We have much more information about HDMI cables in our full guide.
Audiophile types almost always say that thicker speaker wire is better, and that more-expensive materials provide obviously better audio quality. Hardcore anti-audiophile skeptics say that there is no difference in cables, so you should get the cheapest speaker wire you can find.
Both camps are wrong—or at least overstating their cases. Unlike HDMI cables, speaker cables are analog, and because of the way the cable becomes part of the whole amplifier-cable-speaker system, speaker cables could affect the sound. However, after many, many years of experience reviewing every level of audio product, plus extensive A/B testing of different cables, our A/V staff can tell you that the audible differences between decent cables is subtle at best. Speaker wire is the least important piece of gear in your entire system, as the impact it makes is negligible next to the differences in your components and speakers. Plus, the amount, or type, of change a cable makes does not necessarily correlate with price. As in, a cheaper cable might sound better in your system than a more expensive one.
Given this background, we researched the countless speaker-wire options, ranging from no-name $6 50-foot spools to $1,000-per-inch audiophile offerings, and we narrowed them down to a list of more than 140 models worth considering, namely those that are reasonably priced, made by reputable companies, blessed with positive reviews, and reliably available for purchase. Our list included every company you’ve ever heard of if you’ve shopped for speaker cables, as well as a lot of brands you probably wouldn’t recognize.
A word on gauge. Speaker wire comes in different thicknesses, or gauges; most commonly you’ll see numbers ranging from 12 American Wire Gauge to 18 AWG. Confusingly, the wire gets thicker as the numbers go down: 12 gauge is thicker than 18 gauge, and thicker wire has less electrical resistance, meaning you can make longer cable runs. On the other hand, In general, thinner cable is cheaper than thicker cable and is fine for shorter lengths. Overall we suggest sticking to 12 or 14 gauge cable and staying away from ultra-thin 24 gauge wire.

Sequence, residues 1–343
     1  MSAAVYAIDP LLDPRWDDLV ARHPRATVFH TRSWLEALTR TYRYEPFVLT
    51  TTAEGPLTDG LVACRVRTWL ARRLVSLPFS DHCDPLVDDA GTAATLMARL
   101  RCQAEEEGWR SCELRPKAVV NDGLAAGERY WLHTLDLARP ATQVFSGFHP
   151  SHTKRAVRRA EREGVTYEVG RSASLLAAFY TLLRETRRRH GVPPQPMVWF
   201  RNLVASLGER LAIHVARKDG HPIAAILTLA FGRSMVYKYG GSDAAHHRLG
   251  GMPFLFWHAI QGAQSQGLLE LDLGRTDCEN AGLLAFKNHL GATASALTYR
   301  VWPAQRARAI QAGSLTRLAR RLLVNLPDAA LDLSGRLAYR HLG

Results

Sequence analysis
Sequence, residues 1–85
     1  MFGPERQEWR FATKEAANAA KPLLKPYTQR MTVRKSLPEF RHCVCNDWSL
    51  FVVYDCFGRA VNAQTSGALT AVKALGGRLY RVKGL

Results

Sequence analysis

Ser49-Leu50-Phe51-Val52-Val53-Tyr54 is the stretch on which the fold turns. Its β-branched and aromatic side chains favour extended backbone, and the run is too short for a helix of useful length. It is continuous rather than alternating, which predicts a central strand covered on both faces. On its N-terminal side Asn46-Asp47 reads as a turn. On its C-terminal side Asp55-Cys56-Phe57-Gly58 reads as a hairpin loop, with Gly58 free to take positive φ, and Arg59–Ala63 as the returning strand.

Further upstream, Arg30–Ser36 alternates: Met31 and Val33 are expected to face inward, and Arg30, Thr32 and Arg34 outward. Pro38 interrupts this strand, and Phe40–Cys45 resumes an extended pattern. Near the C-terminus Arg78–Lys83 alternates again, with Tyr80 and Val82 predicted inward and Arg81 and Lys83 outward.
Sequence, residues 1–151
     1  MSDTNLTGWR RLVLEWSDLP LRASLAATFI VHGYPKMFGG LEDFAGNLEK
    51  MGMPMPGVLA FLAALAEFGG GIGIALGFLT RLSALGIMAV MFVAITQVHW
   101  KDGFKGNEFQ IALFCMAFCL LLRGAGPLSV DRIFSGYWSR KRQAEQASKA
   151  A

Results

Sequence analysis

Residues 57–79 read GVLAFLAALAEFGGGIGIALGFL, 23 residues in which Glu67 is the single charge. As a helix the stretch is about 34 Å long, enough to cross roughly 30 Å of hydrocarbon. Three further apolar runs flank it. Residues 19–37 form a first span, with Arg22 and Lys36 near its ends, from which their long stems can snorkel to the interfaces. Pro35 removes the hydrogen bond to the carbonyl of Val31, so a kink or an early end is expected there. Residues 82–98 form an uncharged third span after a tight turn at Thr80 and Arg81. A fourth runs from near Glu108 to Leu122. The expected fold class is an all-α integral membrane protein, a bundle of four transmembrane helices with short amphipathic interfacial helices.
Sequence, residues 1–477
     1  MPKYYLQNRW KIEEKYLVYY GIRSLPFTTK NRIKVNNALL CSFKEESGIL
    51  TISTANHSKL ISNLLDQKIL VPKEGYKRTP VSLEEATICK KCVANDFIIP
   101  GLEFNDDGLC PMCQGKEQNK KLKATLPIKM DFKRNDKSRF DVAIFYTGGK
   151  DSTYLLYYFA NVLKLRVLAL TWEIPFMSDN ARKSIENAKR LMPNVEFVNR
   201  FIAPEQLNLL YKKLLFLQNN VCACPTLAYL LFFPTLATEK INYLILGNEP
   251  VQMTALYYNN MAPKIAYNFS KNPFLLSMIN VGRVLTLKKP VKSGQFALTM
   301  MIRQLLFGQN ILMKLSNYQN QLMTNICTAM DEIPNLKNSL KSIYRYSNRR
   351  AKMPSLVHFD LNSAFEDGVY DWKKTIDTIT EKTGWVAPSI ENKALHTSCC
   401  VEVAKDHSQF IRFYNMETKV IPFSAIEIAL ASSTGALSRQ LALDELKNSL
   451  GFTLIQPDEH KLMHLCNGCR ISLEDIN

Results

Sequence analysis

For testing, we then cut our initial 140-model list down to something more-reasonable based on price, gauge, and other factors. We focused on speaker cables priced that a non-audiophile would be willing to pay for them, and we compared those cables using blind testing in a system that even a hardened audio geek would have to concede qualifies as “high end.” We also swapped in inexpensive speakers to see if that would make a difference.
Our testing showed that there really is no “best” speaker wire for every system. What’s best for your speaker, receiver, and ear varies depending on your speaker, receiver, and ear. That said, we know that most people don’t have the time, money, or desire to test every possible option to find the best wire for their particular combination of components and speakers. But Monoprice’s 2747 Choice Series 12AWG Oxygen-Free Pure Bare Copper Speaker Wire is what we’d buy for ourselves and recommend to friends. The 2747 offers excellent value (around $15 for 50 feet), solid construction, and, perhaps most important (and most surprising), better sound quality in some situations than other wires provide—but, again, in our tests the audible differences were subtle. Because it’s a thick 12 gauge cable, it’s capable of much longer runs than thinner cables. It’s the safest bet and best deal for those not wanting to spend the time trying out multiple cables to find the “best” with their system.
The only reason not to get our pick is if you want to take the time to figure out the perfect speaker cable for your speaker and amp/receiver. We can’t tell you what that will be, and we think you can spend your time (and money) better elsewhere. Even moving your speakers a bit in your room will have a bigger effect on the sound than changing your speaker cable. For most people, the Monoprice 2747 is a fantastic deal for some great speaker cable.
We have much more information on speaker wire, and on our testing processes and results, in our full guide.
These picks may have been updated. To see the current recommendations, please read Wirecutter’s guides.